Make America Grumpy Again

A brief post to mark a milestone / millstone in our lives.

Last week the US edition of Perpetual Disappointments Diary officially came out with Chronicle. (This follows the UK edition being published by Pan Macmillan last year, which in turn followed us publishing it ourselves for several years independently.)

As expected, Chronicle have done a beautiful production job on the diary, with an especially nice cover stock, smart embossing, and a cool sheet of blue Monday stickers.

The diary includes some changes for the US market, including some more US-centric Notable Deaths (sorry Hovis Presley), some tweaked cultural references (Kestrel Super makes way for Sierra Nevada Hoptimum IPA), and some new proverbs, complete with US spellings.

March is an unconventional time to bring out a diary, but hopefully it’ll give it time to get into US stores before Christmas, by which time 50% of the current administration may be using it to write their prison memoirs.

On that note, we discovered this post by a Disappointments Diarist on Instagram:

If you're in the US, you can order the diary here.

And the UK edition continues to be available here.

Technology explained, sideways

Today is the launch of Sideways Dictionary, a project I’ve been working on with Jigsaw, the technology incubator at Alphabet.

Sideways Dictionary is a collaborative online tool that explains technological issues using everyday analogies. I worked with Jigsaw to develop the concept and name for the dictionary and populate it with entries for the launch – covering about 300 analogies for 75 terms ranging from ‘API’ to ‘zero-day’. Some adapt analogies already in popular use, while most have been developed for this project.

Part of the mission at Jigsaw is to increase public understanding of the technologies that shape our lives. When I got involved, there was the seed of a thought about using analogies to explain technology in an accessible way. One of the examples was email being like sending a postcard, whereas sending an encrypted message is like sending a sealed envelope. People instinctively use analogies like that when explaining new concepts, but there was no central bank where they could be stored, searched and shared.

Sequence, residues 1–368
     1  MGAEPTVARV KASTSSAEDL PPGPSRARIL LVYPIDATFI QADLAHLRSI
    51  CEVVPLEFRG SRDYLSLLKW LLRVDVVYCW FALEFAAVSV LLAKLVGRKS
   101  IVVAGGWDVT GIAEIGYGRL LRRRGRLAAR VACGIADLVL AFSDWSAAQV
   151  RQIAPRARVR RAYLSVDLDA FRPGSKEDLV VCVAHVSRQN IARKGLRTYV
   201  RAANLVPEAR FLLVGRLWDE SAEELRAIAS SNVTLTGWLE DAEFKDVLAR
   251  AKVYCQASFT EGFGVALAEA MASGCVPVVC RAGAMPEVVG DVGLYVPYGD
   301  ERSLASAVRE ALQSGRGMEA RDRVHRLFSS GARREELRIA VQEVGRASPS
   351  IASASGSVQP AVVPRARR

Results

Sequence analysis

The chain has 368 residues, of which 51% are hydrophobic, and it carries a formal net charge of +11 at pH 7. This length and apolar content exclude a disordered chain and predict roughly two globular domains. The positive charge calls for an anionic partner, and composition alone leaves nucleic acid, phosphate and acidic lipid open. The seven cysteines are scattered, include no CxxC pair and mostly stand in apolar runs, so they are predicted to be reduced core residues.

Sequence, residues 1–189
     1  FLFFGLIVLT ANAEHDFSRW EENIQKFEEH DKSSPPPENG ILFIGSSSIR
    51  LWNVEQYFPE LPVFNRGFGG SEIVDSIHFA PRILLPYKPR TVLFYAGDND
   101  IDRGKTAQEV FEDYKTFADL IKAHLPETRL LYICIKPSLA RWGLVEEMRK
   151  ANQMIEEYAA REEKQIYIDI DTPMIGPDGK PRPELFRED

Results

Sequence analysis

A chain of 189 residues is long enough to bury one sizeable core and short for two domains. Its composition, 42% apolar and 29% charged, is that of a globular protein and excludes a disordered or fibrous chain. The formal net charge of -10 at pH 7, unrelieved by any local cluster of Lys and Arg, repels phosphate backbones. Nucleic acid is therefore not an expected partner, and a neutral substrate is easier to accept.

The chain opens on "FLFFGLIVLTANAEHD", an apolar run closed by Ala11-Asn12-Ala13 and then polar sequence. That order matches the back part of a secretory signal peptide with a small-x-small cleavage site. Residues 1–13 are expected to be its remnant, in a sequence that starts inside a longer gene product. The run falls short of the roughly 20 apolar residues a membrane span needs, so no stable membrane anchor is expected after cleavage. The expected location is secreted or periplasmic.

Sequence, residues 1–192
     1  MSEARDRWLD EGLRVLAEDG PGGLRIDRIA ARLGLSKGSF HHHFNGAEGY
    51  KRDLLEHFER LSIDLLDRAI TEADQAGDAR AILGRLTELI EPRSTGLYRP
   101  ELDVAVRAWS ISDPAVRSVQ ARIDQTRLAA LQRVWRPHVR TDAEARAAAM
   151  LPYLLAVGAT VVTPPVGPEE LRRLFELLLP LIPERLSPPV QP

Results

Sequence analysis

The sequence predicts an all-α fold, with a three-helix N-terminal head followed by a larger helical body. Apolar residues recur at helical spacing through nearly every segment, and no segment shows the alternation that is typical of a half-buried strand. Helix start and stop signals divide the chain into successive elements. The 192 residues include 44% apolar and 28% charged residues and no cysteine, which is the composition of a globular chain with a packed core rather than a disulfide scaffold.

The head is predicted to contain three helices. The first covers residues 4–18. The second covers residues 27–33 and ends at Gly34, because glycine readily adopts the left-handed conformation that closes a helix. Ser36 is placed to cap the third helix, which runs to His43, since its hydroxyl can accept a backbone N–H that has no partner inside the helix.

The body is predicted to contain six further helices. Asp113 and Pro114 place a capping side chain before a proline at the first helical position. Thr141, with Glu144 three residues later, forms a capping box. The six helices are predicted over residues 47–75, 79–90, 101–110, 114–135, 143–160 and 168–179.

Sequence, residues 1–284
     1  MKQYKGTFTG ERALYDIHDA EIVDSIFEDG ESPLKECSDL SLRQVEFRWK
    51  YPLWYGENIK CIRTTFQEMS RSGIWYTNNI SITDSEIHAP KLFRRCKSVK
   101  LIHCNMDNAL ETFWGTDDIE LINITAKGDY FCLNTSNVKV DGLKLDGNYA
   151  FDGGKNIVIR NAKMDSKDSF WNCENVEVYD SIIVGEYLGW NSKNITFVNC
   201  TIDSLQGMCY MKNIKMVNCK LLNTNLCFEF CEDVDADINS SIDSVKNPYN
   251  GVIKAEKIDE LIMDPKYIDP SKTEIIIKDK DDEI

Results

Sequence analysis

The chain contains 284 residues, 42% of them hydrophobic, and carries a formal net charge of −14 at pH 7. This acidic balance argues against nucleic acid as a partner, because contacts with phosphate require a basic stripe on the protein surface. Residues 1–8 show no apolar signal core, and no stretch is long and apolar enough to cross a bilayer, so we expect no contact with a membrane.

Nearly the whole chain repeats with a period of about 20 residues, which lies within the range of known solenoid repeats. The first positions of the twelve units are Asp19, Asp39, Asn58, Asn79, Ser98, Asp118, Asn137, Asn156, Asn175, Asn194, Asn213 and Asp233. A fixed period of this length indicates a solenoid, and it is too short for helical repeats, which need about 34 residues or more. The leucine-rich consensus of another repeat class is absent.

So that’s what the site aims to do. It’s now open to public contributions, with a voting facility to rate the best analogies – resulting in a shared resource for everyone to use.

The project has been developed in partnership with the Washington Post – the best analogies will be used on their site whenever a technical term comes up. And there’s a Chrome extension you can use to have Sideways Dictionary explain things across the web.

At this point, you should probably go off and play with the site. But for those interested, I’m now going to get geeky about analogies.

Analogies are fascinating things. When they’re good, they feel like magic – like discovering an underlying connectedness in all things. But they can also be frustrating – as a reader, you experience something close to physical pain when an analogy goes wrong, like it’s hurting the synapses in your brain.

The thing we kept coming back to throughout the project was that all analogies are inherently imperfect. The more perfect an analogy is, the less useful it is. The best analogies shed light on one aspect of an issue, but can never capture its totality. One of the advantages of Sideways Dictionary is that it gives you multiple analogies per term – each one may be imperfect, but together they have a cumulative effect. Even the process of working out where an analogy falls down leads you closer to an understanding of the issue.

The Art of Looking Sideways – image via It's Nice That

Throughout the project, and particularly when it came to the title, I kept thinking of Alan Fletcher’s The Art of Looking Sideways – the classic book about design and lateral thinking. This is more like the Art of Writing Sideways.

It’s a head-hurting form of writing. Analogies usually happen by serendipity – they occur naturally in conversations or in the course of thinking deeply about a subject. So to sit down and generate analogies mechanically is a weird process. But I found it’s like a concentrated version of what happens in creative thinking generally.

You take an issue like ‘secure socket layer’ or ‘wiki’ and that becomes your anchor point, like the end of the compass that stays in the centre of the page. Then you move the other end of the compass in a slow circle, passing through lots of areas – household objects, films, fairy tales, sports, games, cities, the natural world, pop culture, human interactions. All the while your mental compass is scanning through these worlds and trying to find matches back to the term at the centre.